German Expressionism is perhaps the most complex, diverse and
saddest movement ever to be included in the history of Modern Art. This movement
was not limited strictly to the field of painting: the philosophies and goals
touched the lives of every artist whether they were involved in the fields of
literature, drama, stage design, dance or film.
Initially, German artists used the idiom "Expressionism" as a means to convey
their artistic philosophy and practice. However, the phrase would eventually be
applied to represent any approach to art that would demonstrate a distorted
reality as well as a depiction of the artist's mental state of being.
By the end of the Second World War German Expressionism would consist of three
distinctive and different camps: each with their own philosophies and goals.
The first and perhaps the most influential of these three camps was the "Die
Brücke," or The Bridge, as these artists, influenced by Freudian theories,
believed that their movement was a bridge towards a better future.
Living and working as a group in the German cities of Dresden and Berlin,
The artisans of The Bridge, initially founded by four students of architecture,
concentrated on imitating the styles originally practiced by the art communities
of the Middle Ages.
Fritz Bleyl (1880-1966), Ernst Kirchner (1880-1938), Erich Heckel (1883-1970)
and Karl Schmidt-Rotluff (1884-1976) the founding fathers of The Bridge
dominated the art scene through paintings that depicted the social classes,
wealth, German nightlife and the chaos that reigned in their cities.
When it came to philosophies and ideology these expressionists shared identical
views. As the term "Expressionists" suggest, the works created by theses artists
were renderings of their individual and personal perceptions of their subject.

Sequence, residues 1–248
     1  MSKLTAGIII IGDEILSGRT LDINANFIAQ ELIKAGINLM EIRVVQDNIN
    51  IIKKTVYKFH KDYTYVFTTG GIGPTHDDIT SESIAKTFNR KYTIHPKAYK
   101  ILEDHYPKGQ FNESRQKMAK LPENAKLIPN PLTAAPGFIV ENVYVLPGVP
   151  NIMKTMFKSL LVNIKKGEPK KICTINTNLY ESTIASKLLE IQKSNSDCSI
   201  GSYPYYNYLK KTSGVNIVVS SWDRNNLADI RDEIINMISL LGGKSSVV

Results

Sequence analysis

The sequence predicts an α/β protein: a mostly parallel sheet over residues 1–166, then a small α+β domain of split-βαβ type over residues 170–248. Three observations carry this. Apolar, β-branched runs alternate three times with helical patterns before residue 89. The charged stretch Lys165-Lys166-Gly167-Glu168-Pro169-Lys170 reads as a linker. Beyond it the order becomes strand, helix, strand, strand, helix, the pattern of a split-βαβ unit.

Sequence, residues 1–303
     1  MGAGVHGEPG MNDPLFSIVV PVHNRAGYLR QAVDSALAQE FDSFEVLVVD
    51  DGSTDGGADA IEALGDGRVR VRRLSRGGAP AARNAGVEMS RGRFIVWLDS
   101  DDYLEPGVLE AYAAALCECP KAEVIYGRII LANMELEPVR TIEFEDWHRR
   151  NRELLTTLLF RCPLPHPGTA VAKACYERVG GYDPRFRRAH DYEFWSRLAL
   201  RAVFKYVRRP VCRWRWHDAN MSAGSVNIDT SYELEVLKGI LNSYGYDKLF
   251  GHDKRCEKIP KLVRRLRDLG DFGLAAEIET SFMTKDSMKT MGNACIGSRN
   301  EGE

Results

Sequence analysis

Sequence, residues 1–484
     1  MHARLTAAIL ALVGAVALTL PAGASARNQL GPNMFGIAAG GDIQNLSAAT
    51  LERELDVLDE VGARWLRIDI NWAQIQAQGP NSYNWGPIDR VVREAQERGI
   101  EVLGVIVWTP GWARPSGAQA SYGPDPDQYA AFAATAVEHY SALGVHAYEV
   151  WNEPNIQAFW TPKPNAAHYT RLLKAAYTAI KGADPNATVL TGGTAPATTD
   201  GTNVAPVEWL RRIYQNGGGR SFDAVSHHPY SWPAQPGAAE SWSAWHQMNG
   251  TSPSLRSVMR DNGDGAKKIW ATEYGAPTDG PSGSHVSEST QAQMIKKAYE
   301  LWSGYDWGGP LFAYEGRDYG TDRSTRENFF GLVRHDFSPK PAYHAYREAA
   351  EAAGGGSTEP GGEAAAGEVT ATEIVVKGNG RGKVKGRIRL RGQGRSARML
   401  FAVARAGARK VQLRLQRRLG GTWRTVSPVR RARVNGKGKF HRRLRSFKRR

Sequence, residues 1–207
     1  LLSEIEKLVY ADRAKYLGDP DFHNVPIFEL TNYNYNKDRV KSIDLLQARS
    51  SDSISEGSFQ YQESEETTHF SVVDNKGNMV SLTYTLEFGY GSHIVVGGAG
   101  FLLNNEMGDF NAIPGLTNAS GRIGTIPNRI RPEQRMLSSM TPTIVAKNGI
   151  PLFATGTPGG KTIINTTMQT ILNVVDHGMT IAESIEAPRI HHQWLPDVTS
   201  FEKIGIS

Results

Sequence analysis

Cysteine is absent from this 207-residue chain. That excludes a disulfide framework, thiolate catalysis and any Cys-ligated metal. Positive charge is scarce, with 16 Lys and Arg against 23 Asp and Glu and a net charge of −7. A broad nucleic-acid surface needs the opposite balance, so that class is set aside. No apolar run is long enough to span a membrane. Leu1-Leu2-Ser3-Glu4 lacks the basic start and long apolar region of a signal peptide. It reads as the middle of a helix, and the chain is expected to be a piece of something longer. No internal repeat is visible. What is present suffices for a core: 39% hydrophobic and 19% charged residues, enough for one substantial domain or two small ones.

Usually these paintings were done as they had actually been interpreted in the
field. The use of unaltered nudes, as well as a variety of other people
portrayed in natural surroundings now yet tainted by the industrialization of
The "Die Brücke", while expressionists in theory, actually had foregone the use
of broad lines and multiple layers of strong colors and instead applied their
many layers of personally mixed colors. Often times these hues were thinned by
petroleum in order to achieve a smoother application and to allow more freedom
in their techniques.
These artists were less concerned with the speed and spontaneity associated with
expressionism than they were of creating works of art that would challenge and
undermine the accepted taste.
When Germany entered World War I many of the expressionists had voluntarily
enlisted into the armed forces anxious to experience the affects of war first
hand believing that it would greatly influence their artistic ambitions.
Many of them believed that the Great War would actually be the starting point
from which many changes to their country's social status would occur, which at
that time was in desperate need of a total overhaul.
The Individual artisans affiliated with the school of the Northern
Expressionists, although never formally introduced to one another, shared
philosophies and ambitions that were actually one and the same
Emil Nolde (1867-1956), Paula Modersohn-Becker (1867-1907) and Christian Rohlfs
(1849-1938) subscribed to the theory that their art should be as simplistic and
down-to-earth as possible, hence forth, they consciously omitted any
demonstrations of personal emotions.
Even as the German Expressionists began to call upon their personal experiences
to illustrate the negative aspects of German life in a more symbolic and
representational style, artists Nolde and Rohlfs refused to alter their ways.
But continued to paint scenes that incorporated many of the German mythological
subjects such as gnomes, goblins and other German legendary beasts.
While the Northern Expressionists more or less kept to themselves and maintained
their own individuality there is little or no evidence that they had any
feelings, good or bad towards the theory and practice of the Die Brüke.
However, the Munich based "Blaue Reiter" unwaveringly and openly cited
their disdain and opposition to every principle and ambition of the Die Brüke.
Started by exiled Russian artist Wassilly Kandinsky (1886-1944), and include